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« Steampunk: The Light Ages and (a bit of) The House of Storms | Main | The Silver Swan »

July 05, 2008



Thinking Allowed on Radio 4 did a show about feminism a few weeks ago that touched on your points (especially on Linton and Ward). You can still grab a streaming version of it off the site. Interesting show.


Even people who are supposed to know about this historic connection are ignorant, cf. nancy Fraser's recent essay in _The Future of Gender_, where she writes, "feminists have not succeeded in understanding what it is [religion's attraction for women] and how it works. Nor have we figured out how to talk to them or what feminism can offer them in its place" (29), as if no feminists were ever religious. It's so annoying to anyone who knows anything about anything that happened before 1975...

Brandon Watson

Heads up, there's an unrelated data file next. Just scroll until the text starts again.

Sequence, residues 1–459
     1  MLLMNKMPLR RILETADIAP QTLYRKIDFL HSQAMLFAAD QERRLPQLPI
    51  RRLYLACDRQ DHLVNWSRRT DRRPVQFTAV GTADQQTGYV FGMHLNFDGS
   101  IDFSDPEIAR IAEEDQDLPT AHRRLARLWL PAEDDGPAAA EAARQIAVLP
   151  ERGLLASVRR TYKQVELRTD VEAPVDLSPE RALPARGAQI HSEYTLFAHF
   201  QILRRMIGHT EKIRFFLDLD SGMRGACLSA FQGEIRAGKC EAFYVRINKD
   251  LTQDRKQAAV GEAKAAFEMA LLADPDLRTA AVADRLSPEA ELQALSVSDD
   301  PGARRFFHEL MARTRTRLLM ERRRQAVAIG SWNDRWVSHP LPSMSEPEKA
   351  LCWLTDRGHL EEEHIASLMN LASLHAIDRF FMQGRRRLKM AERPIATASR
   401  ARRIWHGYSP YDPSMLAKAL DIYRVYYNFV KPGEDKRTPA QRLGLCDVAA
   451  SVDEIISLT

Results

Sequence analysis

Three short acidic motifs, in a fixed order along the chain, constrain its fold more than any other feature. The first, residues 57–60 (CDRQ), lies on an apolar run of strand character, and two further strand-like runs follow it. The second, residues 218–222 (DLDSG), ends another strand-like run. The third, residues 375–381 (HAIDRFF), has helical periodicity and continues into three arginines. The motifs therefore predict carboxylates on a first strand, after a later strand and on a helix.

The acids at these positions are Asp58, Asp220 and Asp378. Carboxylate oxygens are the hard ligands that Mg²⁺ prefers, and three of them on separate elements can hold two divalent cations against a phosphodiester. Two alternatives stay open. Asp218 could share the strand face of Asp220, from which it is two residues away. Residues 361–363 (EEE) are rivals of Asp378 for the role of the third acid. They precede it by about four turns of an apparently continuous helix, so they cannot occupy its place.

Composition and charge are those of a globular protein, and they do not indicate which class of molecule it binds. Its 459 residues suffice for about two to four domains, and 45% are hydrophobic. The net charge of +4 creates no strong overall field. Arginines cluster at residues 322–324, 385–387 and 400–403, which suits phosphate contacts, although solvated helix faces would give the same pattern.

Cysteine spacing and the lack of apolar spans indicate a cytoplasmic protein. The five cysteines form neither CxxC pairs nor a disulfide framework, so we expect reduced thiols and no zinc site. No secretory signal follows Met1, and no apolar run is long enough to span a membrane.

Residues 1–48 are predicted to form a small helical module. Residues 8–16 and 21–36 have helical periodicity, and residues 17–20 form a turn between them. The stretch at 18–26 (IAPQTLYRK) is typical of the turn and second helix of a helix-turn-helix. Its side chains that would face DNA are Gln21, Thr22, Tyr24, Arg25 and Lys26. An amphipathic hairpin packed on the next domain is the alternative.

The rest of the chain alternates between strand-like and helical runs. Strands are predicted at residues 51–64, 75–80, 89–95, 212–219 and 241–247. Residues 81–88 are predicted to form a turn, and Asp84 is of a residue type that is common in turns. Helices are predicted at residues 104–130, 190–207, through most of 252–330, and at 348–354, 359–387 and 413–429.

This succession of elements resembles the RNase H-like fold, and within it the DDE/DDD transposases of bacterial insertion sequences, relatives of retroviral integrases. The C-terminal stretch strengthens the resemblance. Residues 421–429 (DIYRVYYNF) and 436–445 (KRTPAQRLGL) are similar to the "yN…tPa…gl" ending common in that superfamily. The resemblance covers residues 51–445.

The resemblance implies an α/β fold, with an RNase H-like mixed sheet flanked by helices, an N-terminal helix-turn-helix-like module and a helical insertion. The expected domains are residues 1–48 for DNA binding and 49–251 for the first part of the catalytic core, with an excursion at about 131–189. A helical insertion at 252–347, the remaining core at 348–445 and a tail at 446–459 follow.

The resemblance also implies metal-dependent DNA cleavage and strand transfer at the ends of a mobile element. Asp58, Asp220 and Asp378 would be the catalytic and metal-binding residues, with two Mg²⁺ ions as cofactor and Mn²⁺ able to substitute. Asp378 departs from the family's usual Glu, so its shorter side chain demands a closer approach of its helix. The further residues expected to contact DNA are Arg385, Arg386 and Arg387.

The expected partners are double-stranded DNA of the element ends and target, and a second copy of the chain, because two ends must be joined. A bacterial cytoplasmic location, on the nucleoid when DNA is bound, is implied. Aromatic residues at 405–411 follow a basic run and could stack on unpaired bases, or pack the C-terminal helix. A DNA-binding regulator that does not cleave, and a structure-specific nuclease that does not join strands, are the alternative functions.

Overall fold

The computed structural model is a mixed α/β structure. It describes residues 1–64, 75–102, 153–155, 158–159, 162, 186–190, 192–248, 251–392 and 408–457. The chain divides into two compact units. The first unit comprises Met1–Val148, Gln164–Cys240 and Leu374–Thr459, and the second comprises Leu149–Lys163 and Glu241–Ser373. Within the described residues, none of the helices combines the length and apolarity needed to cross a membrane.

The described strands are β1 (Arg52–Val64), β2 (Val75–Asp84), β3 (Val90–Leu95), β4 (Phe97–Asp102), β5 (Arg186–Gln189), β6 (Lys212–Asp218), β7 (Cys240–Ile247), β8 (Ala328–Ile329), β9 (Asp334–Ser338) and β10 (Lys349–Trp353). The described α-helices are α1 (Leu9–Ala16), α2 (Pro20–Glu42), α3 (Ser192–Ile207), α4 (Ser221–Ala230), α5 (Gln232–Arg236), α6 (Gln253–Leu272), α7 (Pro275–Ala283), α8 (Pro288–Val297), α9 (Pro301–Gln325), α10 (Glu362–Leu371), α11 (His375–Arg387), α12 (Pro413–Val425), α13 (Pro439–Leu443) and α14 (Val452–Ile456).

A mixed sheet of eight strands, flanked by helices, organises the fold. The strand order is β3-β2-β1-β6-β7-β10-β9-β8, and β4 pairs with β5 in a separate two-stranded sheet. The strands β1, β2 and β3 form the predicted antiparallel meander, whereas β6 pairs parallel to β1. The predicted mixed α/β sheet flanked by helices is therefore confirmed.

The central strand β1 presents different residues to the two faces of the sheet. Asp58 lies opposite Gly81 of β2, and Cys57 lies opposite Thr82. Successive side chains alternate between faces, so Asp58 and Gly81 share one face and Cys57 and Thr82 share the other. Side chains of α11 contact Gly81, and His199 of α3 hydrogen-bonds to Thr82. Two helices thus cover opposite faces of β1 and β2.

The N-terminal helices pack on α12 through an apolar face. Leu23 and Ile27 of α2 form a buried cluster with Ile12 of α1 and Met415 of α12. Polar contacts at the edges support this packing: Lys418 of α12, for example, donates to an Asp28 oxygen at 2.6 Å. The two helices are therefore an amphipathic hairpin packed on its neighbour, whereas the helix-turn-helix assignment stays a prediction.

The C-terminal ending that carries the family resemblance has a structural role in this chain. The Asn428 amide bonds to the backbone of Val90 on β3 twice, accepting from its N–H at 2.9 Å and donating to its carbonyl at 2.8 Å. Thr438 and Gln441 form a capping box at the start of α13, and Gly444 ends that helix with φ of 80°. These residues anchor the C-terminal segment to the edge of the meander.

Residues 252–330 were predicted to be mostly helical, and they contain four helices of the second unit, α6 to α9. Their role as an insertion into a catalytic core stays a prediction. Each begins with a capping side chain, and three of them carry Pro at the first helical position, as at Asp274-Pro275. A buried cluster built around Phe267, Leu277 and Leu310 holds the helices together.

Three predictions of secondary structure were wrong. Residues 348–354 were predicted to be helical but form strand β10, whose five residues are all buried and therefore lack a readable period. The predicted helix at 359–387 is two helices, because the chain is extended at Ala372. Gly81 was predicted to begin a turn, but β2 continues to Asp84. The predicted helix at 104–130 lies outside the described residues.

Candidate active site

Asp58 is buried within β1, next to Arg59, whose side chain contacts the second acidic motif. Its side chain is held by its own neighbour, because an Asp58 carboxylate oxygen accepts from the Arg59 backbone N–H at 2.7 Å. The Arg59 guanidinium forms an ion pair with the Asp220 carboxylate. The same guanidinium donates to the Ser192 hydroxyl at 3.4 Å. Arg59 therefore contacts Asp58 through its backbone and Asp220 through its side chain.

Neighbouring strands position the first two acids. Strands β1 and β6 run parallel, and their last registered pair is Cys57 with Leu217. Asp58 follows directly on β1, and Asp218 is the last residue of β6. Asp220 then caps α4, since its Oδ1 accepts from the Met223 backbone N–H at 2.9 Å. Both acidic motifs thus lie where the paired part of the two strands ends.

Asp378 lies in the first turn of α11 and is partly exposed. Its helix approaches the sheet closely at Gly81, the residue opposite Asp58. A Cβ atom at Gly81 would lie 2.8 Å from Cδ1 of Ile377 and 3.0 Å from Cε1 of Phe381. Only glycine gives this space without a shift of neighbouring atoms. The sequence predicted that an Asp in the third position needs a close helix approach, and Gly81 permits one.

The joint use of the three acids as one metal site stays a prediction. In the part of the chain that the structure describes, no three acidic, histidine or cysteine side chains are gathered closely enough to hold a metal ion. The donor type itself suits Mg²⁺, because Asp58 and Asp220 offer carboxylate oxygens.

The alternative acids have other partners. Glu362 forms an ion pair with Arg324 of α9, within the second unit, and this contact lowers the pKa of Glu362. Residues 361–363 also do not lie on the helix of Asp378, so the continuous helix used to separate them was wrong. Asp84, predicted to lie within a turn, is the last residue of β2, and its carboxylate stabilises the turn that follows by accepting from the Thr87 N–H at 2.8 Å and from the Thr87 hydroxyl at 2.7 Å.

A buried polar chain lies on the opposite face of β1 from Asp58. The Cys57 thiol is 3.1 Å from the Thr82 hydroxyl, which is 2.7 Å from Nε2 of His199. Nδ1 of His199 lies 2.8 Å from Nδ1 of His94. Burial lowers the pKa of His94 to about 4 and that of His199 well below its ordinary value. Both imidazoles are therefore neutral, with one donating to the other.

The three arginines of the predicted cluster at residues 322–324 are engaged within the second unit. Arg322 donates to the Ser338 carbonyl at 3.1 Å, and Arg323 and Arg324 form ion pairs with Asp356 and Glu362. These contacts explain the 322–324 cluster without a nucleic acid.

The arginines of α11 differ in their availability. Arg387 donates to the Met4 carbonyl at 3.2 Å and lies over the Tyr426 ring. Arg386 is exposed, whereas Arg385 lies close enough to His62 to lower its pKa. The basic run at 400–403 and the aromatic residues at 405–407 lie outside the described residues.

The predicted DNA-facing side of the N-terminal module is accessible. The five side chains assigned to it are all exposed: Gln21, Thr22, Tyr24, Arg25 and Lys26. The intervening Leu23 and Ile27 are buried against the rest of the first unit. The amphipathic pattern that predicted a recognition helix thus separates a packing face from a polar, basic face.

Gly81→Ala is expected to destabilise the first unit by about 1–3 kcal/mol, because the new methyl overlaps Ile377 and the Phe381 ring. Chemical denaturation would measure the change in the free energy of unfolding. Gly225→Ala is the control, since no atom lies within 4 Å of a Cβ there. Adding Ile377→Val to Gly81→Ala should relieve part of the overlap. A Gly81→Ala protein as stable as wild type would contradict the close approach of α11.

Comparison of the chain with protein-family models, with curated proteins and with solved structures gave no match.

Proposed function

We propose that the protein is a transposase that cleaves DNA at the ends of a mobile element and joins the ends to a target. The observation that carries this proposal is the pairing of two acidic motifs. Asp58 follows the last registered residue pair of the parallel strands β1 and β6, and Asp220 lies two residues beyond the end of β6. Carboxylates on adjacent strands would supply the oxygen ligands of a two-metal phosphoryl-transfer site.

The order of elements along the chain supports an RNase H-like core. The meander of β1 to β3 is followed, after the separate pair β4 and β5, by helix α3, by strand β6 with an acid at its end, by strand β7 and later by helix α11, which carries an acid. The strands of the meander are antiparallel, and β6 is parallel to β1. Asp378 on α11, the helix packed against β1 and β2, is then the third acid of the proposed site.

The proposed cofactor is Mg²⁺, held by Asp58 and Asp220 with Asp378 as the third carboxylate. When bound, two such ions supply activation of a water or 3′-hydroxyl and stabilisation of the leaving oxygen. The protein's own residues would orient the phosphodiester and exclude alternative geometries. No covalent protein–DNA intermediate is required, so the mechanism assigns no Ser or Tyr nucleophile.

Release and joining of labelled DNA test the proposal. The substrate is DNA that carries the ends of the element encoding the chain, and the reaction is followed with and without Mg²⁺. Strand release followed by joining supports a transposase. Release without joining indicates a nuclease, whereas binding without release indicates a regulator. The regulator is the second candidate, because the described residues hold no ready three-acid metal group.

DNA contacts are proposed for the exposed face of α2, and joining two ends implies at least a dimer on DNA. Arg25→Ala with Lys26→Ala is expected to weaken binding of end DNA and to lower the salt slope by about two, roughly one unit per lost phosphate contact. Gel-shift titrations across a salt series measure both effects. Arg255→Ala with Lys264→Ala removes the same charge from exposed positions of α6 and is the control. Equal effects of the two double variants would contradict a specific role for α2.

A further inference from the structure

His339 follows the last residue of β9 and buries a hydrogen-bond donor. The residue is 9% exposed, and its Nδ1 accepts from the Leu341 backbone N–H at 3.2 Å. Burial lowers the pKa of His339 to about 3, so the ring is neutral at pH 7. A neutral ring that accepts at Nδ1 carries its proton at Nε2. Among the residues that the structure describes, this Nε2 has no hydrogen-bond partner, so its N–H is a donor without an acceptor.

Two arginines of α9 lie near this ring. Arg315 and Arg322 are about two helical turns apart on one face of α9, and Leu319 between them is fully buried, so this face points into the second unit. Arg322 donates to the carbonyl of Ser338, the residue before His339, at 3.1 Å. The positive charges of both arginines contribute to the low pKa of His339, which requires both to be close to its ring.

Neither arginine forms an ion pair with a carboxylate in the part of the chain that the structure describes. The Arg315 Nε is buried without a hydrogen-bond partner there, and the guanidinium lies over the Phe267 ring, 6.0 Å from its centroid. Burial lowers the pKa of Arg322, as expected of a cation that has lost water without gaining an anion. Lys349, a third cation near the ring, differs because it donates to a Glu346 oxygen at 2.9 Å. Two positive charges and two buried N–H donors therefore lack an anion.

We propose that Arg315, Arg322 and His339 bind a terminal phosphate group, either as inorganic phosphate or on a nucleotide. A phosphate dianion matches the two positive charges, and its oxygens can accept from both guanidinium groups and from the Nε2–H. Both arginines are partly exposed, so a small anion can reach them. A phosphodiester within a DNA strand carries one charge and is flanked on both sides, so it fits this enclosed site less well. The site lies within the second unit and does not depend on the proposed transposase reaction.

Very true (and Astell's a great example for your point, because Astell is well-and-away more religiously conservative than most people would expect). Even Wollstonecraft's feminism gives religion an essential, if very much secondary, place; for all her distaste for fanaticism, she argues in a number of places that religion, consisting of at least belief in God and hope in eternal happiness, is essential to healthy society, and shows herself in a number of others to be suspicious of certain kinds of deists and freethinkers, whom she sees as dangerous to society and especially to the position and happiness of women in society. I doubt that most people today, going simply on Wollstonecraft's religious views, which are liberal in the sense of being 'broad' but very conservative in a number of other ways, would be able to predict the character of her feminism.

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